Volume sales were down 5.1% and value sales dropped 3.8%, according to the UK Champagne Bureau.
Director Francoise Peretti said: “The UK Champagne market is typically procyclical, with a pronounced tendency to late reaction. It is not unusual to see the consequences of an economic downturn maybe one or two years after the event.”
Meanwhile sparkling wine excluding Champagne grew 8% in volume and 15% in value to £464 million (Nielsen, year to February 1) in the off-trade.
It commands an average price point of £9.01, whereas Champagne sells for an average of £25.92.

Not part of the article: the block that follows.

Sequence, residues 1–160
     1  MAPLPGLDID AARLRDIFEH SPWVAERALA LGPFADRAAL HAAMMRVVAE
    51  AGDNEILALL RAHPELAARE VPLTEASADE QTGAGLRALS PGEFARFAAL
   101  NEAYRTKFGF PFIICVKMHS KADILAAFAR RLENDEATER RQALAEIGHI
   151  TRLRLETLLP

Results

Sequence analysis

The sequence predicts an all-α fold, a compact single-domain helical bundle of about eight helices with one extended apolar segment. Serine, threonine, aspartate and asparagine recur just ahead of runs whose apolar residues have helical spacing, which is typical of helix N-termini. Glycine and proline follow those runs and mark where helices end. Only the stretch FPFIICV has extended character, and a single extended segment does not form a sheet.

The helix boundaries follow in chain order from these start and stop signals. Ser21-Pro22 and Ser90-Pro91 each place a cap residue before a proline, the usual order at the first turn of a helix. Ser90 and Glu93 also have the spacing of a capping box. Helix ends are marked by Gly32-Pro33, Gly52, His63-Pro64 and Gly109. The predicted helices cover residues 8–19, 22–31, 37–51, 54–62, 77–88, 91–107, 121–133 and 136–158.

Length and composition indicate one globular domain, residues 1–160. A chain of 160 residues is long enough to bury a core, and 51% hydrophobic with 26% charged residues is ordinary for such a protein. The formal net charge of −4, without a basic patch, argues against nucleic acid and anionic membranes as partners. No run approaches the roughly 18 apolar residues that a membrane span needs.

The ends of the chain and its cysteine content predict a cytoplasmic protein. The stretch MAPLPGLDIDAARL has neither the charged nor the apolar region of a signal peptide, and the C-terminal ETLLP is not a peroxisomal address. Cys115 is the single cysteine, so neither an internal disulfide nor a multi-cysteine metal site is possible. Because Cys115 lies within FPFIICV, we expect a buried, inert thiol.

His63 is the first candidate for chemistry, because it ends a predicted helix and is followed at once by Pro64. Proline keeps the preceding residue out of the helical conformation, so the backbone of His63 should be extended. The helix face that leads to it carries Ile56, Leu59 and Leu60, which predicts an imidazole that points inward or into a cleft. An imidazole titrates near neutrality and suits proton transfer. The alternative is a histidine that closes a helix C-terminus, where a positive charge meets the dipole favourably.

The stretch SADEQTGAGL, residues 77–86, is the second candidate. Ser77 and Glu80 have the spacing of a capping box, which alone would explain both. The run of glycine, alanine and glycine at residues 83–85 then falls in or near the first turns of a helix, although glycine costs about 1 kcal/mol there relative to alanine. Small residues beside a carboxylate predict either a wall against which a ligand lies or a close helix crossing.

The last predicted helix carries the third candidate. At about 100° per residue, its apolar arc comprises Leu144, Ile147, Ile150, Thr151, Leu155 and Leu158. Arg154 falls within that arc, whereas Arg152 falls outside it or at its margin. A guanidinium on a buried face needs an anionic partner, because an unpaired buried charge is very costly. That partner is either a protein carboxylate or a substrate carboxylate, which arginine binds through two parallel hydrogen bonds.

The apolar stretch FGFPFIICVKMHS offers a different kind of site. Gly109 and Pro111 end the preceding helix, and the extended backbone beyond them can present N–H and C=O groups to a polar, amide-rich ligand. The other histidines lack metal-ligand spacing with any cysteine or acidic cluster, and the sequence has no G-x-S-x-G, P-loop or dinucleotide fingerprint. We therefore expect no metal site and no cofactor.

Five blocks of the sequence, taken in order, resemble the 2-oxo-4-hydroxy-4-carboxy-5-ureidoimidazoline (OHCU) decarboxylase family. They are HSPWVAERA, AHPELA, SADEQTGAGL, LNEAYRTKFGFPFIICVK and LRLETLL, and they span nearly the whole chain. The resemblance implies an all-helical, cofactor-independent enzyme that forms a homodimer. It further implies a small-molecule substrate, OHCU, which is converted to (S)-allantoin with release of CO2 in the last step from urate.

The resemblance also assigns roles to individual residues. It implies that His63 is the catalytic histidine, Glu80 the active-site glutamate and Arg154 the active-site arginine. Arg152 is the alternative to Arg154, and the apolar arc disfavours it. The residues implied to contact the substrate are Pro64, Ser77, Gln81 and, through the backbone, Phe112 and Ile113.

In the on-trade sparkling wine such as Prosecco and Cava grew 11% in volume and 18% in value (CGA, year to January 25).
But despite the dismal trading figures the UK remains the Champagne region’s top export destination.
It exported 136.6 million bottles in 2013, and 30.8 million were shipped to Britain - 72% ahead of the world’s second largest export market, the USA. Exports totalled £371 million.
Peretti added: “The UK has been Champagne’s number one export market for the past 18 years, and that is not about to change.
“Market optimism combined with the tremendous buoyancy we are seeing in the on-trade leaves me in no doubt that the UK will remain number one among Champagne export markets for a very long time to come.”